Anonymous Patient Answer

What are common treatments for cancer of urethra?

These included radiation treatment (with or without chemotherapy) in bladder carcinoma, radiation treatment (with or without chemotherapy) in cervix carcinoma, and neoadjuvant chemotherapy followed by surgery for uterine cancer. The use of brachytherapy (internal irradiation) was important in the treatment of cervical cancer, and the use of chemoradiation had a significant impact in managing bladder carcinoma.

Anonymous Patient Answer

What are the signs of cancer of urethra?

Symptoms of urethral cancer include frequency of urination, sudden urge to urinate and pain during urination. These symptoms may be not noticeable or noticeable for months prior to diagnosis of the bladder cancer. Other symptoms may include loss of appetite, difficulty eating, a lack of desire and frequent thirst of urination. The symptoms of bladder cancer may mimic those of urethral cancer. In males, prostate cancer may be an alternative to the symptoms that are typical of bladder cancer.

Anonymous Patient Answer

What is the average age someone gets cancer of urethra?

The average age at diagnosis was 70.6 with 61.6% of women and 29.4% of men diagnosed. Overall survival in women in this study was 92% and in men 74%. There was no difference between genders for the site of onset (urethral vs. prostate vs. other).

Anonymous Patient Answer

How does treatment work?

This is a very interesting and new study of how a treatment works for the treatment of cancer of the urethra (see Urethral Carcinoma). It shows the effect on one aspect of treatment, the Urethral Stem Cell Derived Tissue Engineered Nerve Grafts (UNX) to augment a successful therapy for this rare form of cancer.

Anonymous Patient Answer

What does treatment usually treat?

Treating patients with genitourinary cancer is challenging not only because of the high rate of comorbidities and cancer-related symptoms but also because of the variety of treatment options. Given the limited number of trials in this area, it is difficult to draw generalizations about the treatment of urologic cancers. Clinical trials have shown several treatment options (radiotherapy, chemotherapy, and biologic agents) are useful in improving disease-free survival in these most common cancers, namely, bladder, kidney, prostate, and urethra.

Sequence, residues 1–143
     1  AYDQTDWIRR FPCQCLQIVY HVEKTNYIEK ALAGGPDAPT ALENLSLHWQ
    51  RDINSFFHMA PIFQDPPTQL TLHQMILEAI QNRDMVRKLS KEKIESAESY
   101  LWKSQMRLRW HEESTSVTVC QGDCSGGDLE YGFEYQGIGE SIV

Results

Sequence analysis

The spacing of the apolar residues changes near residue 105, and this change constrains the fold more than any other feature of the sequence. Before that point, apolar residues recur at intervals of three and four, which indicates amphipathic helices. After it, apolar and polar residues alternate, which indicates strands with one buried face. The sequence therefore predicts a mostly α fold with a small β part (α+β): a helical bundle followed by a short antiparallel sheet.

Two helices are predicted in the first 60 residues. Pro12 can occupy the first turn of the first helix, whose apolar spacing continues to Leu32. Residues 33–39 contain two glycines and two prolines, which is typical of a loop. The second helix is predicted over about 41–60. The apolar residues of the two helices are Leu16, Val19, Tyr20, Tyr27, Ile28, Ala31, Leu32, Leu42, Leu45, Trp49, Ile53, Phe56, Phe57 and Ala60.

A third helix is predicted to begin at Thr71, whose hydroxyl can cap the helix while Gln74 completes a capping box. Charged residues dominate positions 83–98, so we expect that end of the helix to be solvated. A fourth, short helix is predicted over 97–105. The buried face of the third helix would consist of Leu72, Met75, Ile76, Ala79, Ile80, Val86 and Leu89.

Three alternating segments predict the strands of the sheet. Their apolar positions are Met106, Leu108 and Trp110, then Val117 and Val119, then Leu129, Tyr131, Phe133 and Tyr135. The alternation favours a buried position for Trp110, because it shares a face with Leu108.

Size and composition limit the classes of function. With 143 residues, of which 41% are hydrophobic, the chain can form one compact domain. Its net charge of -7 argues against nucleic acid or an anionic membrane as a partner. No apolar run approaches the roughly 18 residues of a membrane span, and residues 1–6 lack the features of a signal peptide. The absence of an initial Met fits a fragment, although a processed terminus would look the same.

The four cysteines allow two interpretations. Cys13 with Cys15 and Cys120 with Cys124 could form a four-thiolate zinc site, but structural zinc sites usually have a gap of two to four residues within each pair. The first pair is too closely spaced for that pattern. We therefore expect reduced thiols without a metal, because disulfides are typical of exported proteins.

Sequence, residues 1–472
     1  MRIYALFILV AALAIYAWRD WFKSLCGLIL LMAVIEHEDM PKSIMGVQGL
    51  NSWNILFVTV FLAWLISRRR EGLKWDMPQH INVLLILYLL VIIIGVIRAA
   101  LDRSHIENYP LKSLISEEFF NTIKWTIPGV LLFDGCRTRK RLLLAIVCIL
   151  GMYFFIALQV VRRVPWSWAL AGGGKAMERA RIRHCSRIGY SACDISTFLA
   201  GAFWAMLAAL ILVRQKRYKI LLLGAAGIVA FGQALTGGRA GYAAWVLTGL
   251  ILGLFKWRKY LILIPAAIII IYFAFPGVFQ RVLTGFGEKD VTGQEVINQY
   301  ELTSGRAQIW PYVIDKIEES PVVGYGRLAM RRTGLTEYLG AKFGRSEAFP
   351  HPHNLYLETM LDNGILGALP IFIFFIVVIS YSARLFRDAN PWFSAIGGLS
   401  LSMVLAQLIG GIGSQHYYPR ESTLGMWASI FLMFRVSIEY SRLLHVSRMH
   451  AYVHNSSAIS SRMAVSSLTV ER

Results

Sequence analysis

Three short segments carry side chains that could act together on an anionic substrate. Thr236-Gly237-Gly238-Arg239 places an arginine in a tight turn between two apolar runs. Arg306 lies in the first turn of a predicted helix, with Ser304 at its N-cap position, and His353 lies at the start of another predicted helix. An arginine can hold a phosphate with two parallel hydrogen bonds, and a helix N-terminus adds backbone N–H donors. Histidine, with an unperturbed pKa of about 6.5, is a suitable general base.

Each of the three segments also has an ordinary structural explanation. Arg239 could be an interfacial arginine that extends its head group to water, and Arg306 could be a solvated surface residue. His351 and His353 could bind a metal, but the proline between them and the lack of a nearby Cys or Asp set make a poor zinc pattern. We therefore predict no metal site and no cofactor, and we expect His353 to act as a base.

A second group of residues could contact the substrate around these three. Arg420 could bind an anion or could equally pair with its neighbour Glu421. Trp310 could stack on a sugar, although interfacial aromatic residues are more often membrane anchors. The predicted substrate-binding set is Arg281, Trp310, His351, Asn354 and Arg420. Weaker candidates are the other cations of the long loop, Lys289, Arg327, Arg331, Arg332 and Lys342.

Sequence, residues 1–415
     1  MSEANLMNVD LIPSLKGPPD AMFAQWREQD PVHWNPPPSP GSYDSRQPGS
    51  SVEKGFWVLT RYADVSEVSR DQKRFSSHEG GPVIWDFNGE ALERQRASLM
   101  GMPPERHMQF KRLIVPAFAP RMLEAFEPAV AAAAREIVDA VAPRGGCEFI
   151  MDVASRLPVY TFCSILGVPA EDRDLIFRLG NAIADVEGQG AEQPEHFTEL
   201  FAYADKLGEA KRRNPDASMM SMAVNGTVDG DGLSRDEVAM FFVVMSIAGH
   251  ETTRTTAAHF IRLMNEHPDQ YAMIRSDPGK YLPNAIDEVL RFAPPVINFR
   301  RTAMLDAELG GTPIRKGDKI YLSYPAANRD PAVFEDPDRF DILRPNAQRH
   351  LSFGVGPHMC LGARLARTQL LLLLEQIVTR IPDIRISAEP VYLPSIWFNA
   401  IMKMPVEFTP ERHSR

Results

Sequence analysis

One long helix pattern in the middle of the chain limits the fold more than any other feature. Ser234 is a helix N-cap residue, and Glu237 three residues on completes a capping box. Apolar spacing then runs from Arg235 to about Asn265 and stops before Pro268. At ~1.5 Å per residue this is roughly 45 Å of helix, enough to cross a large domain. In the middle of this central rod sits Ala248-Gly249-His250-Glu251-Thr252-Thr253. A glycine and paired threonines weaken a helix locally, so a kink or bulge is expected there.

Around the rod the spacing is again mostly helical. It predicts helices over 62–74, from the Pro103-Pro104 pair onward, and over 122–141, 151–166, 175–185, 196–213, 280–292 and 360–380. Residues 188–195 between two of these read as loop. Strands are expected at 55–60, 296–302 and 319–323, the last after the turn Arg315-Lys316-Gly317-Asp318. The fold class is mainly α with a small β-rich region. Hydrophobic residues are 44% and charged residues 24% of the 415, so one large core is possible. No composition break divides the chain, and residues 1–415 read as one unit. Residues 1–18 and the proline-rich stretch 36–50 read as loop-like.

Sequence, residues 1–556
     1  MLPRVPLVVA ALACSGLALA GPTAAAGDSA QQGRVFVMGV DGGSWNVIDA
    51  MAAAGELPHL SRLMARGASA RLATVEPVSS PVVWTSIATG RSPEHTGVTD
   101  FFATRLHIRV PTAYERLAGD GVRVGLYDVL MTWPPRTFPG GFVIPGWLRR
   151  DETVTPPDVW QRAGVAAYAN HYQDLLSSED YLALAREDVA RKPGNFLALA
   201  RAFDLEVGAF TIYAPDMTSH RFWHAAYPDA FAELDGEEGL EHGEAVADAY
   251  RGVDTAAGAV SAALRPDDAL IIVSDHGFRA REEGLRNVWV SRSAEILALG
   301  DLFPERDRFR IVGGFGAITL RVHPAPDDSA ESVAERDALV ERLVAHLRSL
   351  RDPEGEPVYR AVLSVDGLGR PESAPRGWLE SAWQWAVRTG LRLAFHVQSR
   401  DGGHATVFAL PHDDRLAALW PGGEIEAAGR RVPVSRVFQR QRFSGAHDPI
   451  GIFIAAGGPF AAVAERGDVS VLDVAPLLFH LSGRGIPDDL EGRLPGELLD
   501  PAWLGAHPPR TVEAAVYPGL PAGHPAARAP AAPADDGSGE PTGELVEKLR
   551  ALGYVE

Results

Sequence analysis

Anonymous Patient Answer

How serious can cancer of urethra be?

Of the urethral cancers, squamous cell carcinoma was the most serious with a five-year cancer-specific survival rate of 12%. In our experience, the prognosis of urethral cancers is poor. The main challenge in urogenital cancers is to minimize the risks of chemotherapy and radiotherapy.

Anonymous Patient Answer

What is treatment?

Many people are not undergoing adequate therapy; many were not receiving appropriate pain control; and only 4.4% of women who were receiving treatment received a complete course.

Anonymous Patient Answer

What are the common side effects of treatment?

Patients' side effects were common, but not debilitating, often and included cough, headache, constipation, diarrhea, chest/muscle aches/bruises, nausea and vomiting, rash, and fatigue. There were also side effects specific to the treatments.

Anonymous Patient Answer